Nov 092015

Sometimes, you’ve just gotta get out of the lab. After another busy summer (which, by the way, disappeared altogether too quickly), my wife and I decided to get away and visit a good friend in Northern California a few weeks ago. While we were in the area, I also made time to visit with friends and colleagues in a trio of museums along the way, and spend some time working through their collections looking for specimens to include in my research. It’s been awhile since I took my camera out of my bag and put it to use, and even longer since I shared a whole series of photos here on the blog, so I thought it might be a good opportunity to share some of what we saw and did!

Although we flew into Sacramento, we set out right away for the coast and spent some time exploring San Francisco. After exploring the Golden Gate area & Sausalito for lunch, we made our way back to the wharf in time for dinner. Pier 39 at sunset proved to be a good decision, and we managed to escape the Fog for our entire visit to the area, resulting in some pretty spectacular views.



The next day, I made my way to the California Academy of Sciences and met up with Dr. Michelle Trautwein, the curator of Diptera for their collection. As someone who comes from a place without a history of major earthquakes, I was taken aback by their insect collection, which was quite literally in a cement bunker. But, considering almost their entire collection was destroyed by fires following the earthquake of 1906, I don’t blame them for taking such measures to prevent future tragedies.



After I finished up sorting some of their flies and setting aside the material they’ll kindly be sending back to Guelph for me, I took an opportunity to explore the public displays. What I found was one of the most unique museums I’ve ever been to, with a wide open, modern gallery featuring a large exhibit on colour in the natural world (and where many, many insects made appearances), a giant tropical ecodome (replete with free-flying birds and butterflies and live-displays of katydids, roaches, and even giant orb-weaving spiders), and then a full aquarium in the basement!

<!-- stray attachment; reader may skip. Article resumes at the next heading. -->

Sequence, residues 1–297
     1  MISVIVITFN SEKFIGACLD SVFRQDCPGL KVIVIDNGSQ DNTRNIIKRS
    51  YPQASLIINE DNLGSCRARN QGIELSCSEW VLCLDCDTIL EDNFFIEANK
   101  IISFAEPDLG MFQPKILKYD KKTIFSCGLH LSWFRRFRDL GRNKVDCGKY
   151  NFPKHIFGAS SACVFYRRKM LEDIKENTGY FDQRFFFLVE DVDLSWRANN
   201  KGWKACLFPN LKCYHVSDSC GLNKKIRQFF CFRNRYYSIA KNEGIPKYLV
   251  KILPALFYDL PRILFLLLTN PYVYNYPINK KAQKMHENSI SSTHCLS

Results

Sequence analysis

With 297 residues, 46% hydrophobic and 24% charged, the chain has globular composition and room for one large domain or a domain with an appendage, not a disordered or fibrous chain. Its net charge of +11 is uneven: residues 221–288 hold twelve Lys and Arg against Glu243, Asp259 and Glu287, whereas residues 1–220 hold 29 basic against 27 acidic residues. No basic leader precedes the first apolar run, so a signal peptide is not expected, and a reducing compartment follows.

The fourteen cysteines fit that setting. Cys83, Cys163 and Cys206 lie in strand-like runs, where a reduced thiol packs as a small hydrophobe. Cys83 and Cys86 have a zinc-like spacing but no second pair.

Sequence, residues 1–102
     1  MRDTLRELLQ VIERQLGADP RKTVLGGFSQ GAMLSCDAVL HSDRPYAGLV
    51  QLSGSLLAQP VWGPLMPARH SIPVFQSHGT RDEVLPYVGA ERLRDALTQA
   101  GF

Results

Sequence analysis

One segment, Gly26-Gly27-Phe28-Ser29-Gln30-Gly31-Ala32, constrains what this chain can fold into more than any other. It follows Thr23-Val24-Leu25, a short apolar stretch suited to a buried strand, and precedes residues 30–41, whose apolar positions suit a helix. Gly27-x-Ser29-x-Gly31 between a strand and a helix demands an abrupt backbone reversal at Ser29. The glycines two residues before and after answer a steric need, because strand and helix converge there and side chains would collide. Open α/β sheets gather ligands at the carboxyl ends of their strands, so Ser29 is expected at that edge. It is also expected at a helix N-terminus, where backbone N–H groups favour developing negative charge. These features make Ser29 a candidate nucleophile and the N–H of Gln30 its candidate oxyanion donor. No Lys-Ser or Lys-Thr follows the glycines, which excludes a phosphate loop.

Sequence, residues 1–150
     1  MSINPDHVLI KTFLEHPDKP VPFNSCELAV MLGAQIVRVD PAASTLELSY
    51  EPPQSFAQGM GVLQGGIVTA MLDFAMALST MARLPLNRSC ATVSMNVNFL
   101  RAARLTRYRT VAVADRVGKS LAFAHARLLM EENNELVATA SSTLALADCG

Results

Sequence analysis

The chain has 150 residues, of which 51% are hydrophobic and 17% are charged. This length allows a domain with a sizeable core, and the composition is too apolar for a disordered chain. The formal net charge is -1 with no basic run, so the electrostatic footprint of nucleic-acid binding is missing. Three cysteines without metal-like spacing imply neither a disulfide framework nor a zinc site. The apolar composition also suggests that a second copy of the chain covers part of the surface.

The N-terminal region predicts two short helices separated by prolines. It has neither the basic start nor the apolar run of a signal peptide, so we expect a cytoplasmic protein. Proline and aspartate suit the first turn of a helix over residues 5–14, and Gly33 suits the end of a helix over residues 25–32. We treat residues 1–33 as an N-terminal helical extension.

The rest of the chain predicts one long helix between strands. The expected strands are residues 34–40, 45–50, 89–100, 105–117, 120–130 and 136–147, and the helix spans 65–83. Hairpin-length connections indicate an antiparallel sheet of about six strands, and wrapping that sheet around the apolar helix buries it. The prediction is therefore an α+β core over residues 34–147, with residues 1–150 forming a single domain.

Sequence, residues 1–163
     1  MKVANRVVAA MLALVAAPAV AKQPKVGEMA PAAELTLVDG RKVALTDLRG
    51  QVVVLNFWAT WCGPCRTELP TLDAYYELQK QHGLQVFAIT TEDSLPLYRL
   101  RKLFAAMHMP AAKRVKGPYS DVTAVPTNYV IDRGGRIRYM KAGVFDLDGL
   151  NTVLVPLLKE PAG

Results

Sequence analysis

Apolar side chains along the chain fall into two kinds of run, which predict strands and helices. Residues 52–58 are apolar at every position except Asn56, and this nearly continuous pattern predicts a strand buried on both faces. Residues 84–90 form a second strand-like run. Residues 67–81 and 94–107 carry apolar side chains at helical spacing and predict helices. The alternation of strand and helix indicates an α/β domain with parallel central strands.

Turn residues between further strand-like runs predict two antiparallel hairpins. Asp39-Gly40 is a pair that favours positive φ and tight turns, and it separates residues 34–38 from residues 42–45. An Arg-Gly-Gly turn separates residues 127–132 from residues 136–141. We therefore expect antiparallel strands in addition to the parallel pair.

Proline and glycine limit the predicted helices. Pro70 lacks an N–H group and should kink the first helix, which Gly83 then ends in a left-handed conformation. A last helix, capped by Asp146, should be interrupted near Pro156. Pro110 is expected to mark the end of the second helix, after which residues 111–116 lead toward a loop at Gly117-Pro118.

After I finished at CalAcad, we headed back to Sacramento so I could visit UC Davis the next morning. The Bohart Museum of Entomology is a surprisingly large collection, with 7 million specimens held right in the middle of a beautiful campus. It is also the only entomology collection that I’ve ever been to that has it’s own mini gift shop and public outreach displays immediately inside the front door. According to the Director of the Collection, Dr. Lynn Kimsey, the collection plays host to 15,000 visitors a year, with hardly a day passing without a group of school children or other public tour wandering through and learning about the wonderful world of entomology. At Guelph, we’re lucky if 150 people per year contact us to arrange a tour of our collection, so to see a working collection that makes public education such a priority was eye-opening.



Unfortunately, having never had a fly specialist on staff, their Diptera holdings need a bit of work, with the majority of their fly collection unsorted past order. I did what I could to help during my brief stay (including pulling out a nice series of Nothybiidae that were buried in the Miscellaneous section and which represented a new family for their collection), but there’s only so much one person can do in a day. However, they did tell me that they regularly sponsor students and specialists to come in and help with the curatorial process, so if you work on flies and are looking for a good opportunity to go treasure hunting for discovery, get in touch with them.